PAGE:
The collapse in OPEC+1 negotiations over the weekend of March 7 and Saudi Arabia’s subsequent, aggressive undercutting of its official selling prices signals a break from four years of cohesion and co-ordination in oil strategy. Once again, Saudi Arabia has effectively abandoned its role as swing producer, sparking a price war which has the potential to inflict major costs if sustained for a prolonged period. This compounded the impact on oil markets of slowing demand amid a dip in global economic growth due to the spreading coronavirus. The result was a March 9 plunge in oil prices – the largest one-day oil price decline since the 1991 Gulf war.
Saudi Arabia’s foreign reserves of over $500-billion (73% of gross domestic product [GDP]) and significant further debt-raising capacity (given debt-to-GDP of merely 25%) means the country has enough financial capacity to withstand oil prices in the$30-$40 per barrel (bbl) range for several quarters.
In our view, Russia likely has the greater ability to sustain lower oil prices, having substantially raised reserves in recent years, with $436-billion in foreign exchange (see chart below) and zero net public debt, while conservative budget assumptions were made regarding both the oil price and exchange rate. However, the added geopolitical dimension to Russia’s behaviour, involving retaliation against recently imposed US sanctions and more generally countering the rising market share of shale, adds to the uncertainty.
Saudi Arabia and Russia compete at the very bottom of the cost curve in terms of lifting costs (ie, from existing wells) as well as full-cycle costs (which capture all costs of production). However, at current production levels, Saudi Arabia’s fiscal breakeven oil price stands at $83/bbl, which is roughly double the $42/bbl of Russia (see chart below). Moreover, Saudi domestic political sensitivity to economic stress is much higher than that of Russia given the importance of public project spending and welfare provision, suggesting this move is a high-stakes gamble by the Saudis.
The Gulf Cooperation Council (GCC) countries will likely be most affected, which, according to the International Monetary Fund, require an oil price varying between $45-$100/bbl for fiscal breakeven points. In Africa, Nigeria appears at greatest risk of currency devaluation in this environment.
In Latin America, Pemex, the state-owned oil producer in Mexico, has considerable debt and employee obligations, which will be difficult to service. However, the Mexican government has low leverage and therefore any intervention should be manageable, in our view.
In Brazil, while the market reaction has been extreme, government reform efforts across the economy, including a specific focus on the oil industry in terms of privatising assets and deleveraging, should mitigate some of the negative impact.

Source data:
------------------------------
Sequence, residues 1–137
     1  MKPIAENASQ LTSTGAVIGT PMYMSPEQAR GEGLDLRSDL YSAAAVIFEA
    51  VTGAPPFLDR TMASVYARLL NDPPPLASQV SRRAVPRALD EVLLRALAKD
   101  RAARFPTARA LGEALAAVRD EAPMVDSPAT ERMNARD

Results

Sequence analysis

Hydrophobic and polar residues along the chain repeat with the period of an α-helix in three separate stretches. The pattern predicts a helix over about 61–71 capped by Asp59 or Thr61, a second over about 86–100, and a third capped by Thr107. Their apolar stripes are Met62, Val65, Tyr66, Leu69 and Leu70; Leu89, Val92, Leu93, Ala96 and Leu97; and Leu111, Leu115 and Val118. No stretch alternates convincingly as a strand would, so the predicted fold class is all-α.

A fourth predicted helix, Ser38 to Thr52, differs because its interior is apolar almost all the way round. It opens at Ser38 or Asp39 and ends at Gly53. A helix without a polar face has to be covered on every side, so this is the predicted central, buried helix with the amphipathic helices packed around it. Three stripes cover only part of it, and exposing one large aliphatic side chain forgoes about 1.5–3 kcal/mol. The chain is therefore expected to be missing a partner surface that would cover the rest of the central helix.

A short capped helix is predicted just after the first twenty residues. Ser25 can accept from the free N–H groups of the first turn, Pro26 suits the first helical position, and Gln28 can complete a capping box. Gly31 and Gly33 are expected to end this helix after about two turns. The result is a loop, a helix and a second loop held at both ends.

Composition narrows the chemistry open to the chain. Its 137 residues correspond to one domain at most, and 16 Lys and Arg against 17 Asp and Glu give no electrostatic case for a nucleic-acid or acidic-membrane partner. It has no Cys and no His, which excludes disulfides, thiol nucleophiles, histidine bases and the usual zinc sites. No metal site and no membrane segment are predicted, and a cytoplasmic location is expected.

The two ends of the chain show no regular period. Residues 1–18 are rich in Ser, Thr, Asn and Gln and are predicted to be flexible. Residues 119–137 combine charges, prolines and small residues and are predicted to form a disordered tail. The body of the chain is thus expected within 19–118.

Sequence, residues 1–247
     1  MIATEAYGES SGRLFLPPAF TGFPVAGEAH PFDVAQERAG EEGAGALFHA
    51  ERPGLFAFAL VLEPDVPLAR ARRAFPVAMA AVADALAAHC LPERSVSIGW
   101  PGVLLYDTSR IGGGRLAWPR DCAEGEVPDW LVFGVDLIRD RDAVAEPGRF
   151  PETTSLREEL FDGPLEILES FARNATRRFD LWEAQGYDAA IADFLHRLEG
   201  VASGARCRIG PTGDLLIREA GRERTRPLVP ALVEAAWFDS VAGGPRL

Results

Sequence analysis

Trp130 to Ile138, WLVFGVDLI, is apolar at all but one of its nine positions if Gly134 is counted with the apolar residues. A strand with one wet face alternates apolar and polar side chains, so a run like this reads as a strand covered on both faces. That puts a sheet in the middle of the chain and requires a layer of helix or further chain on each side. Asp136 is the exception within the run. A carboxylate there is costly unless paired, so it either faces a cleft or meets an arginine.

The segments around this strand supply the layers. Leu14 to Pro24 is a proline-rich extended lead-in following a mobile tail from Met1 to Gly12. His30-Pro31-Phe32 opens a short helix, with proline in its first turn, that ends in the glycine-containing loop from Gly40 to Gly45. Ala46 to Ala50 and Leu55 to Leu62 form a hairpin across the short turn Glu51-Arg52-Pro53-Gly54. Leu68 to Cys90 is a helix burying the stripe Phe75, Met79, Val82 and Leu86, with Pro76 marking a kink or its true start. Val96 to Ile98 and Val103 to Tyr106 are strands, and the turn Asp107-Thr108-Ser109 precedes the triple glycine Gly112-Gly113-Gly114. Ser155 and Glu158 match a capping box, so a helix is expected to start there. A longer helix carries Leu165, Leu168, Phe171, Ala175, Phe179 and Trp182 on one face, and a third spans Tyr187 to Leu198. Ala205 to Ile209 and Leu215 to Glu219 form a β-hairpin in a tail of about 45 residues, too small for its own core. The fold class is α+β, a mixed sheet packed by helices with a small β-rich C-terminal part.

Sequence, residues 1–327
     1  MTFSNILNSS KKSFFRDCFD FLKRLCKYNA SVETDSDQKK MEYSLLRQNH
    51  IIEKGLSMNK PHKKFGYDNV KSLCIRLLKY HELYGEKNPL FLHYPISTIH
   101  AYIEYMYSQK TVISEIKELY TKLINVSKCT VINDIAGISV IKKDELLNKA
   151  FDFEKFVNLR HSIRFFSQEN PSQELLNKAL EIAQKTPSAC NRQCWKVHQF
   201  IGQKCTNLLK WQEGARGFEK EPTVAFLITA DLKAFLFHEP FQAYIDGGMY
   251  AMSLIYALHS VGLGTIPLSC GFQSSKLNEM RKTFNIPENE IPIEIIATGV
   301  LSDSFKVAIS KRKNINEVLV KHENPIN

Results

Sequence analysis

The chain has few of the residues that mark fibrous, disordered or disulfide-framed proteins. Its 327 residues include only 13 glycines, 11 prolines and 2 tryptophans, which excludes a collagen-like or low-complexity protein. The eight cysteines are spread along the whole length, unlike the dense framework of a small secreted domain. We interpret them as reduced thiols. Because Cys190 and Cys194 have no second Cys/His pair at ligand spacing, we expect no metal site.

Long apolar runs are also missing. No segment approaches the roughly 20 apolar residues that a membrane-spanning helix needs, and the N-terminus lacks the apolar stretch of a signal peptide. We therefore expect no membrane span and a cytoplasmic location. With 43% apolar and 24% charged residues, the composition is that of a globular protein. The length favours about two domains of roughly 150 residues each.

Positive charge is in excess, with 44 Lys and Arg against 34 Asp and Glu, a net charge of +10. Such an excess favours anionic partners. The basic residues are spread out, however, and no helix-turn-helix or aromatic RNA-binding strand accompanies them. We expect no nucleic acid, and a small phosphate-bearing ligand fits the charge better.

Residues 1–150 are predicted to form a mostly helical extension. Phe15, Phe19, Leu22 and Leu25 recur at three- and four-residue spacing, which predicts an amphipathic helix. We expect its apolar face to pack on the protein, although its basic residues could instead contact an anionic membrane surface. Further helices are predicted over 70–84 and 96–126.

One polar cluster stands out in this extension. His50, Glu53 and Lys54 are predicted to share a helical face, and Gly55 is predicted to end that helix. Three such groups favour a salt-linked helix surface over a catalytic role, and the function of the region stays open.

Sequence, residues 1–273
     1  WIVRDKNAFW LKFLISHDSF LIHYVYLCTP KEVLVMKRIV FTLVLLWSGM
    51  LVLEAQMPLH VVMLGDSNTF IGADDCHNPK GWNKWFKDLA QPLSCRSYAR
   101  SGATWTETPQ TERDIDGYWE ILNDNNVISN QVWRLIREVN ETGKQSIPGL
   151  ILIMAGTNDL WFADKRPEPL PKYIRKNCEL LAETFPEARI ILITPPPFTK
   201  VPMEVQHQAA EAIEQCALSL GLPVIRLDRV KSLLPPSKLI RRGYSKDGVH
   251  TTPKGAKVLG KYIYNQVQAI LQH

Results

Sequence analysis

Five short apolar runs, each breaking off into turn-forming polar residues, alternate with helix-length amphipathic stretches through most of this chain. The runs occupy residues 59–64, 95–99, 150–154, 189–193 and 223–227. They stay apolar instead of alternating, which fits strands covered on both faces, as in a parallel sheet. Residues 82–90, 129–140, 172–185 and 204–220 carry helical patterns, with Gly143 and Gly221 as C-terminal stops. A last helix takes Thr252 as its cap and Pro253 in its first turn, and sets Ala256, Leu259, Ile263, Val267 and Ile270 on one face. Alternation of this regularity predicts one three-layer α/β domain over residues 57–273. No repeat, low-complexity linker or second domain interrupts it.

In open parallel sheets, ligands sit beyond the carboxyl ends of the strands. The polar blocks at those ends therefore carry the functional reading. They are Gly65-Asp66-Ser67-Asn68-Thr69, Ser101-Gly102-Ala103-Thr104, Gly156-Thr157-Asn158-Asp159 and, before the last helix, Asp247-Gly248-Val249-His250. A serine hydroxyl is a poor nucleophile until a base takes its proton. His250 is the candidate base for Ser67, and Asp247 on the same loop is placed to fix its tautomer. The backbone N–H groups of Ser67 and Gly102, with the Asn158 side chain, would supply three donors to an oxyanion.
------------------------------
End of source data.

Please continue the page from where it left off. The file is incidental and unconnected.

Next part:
We believe Asia is of greatest significance, where most countries are net oil and gas importers (except Malaysia where the budget, growth and currency will come under pressure). For giants such as India and China, lower oil prices will considerably support current accounts and currencies while easing inflationary pressures, enabling supportive monetary policy. In addition, lower energy costs act as a direct stimulus to consumers and most businesses.
Outside of emerging markets, costs in the US shale industry are on average higher than current oil prices, while funding from credit markets had already been weakening. While US shale has proven resilient in the past, the current oil price collapse may result in more mergers and buyouts by majors, in turn driving a greater focus on cash returns to shareholders rather than production growth. This dynamic will likely affect all high-cost producers: offshore and projects in Brazil, the Gulf of Mexico, the North Sea as well as oil sands in Canada.
We view prolonged lower oil prices, driven by extended demand weakness and continued oversupply, as a tail risk. We expect global oil prices to hover around $30/bbl in the second and third quarters of this year, but believe they will likely move back up toward $40-$50/bbl by year-end, and thereafter could normalise in the $50-$60/bbl range.
The negative near-term impact upon energy companies, as well as the secondary effect on economic growth in oil-exporting countries, could be considerable. That said, the oil price crash in the last decade resulted in a sustained period of company (and fiscal) deleveraging, paired with improved cost control as well as encouraging greater caution towards the sector.
In the Middle East, during 2016-2018, Saudi Arabia was able to successfully implement meaningful reforms, including the removal of certain subsidies, the introduction of taxation and increased costs on businesses. A return to these measures across the region would be a risk for our predominantly domestically orientated exposures.
Overall, however, the vast majority of emerging markets, whether measured by population, GDP or market capitalisation, will benefit from the oil price collapse despite the near-term negative market reaction.
In an environment of slowing economic growth due to the coronavirus, lower oil prices represent a substantial additional stimulus to the broader asset class, particularly within Asia. Our portfolios are predominantly positioned in domestic-orientated consumer and technology businesses, plus world-leading semiconductor manufacturers – all of which stand to see benefits from lower energy costs. BM
Bassel Khatoun is an equity analyst at Franklin Templeton Emerging Markets.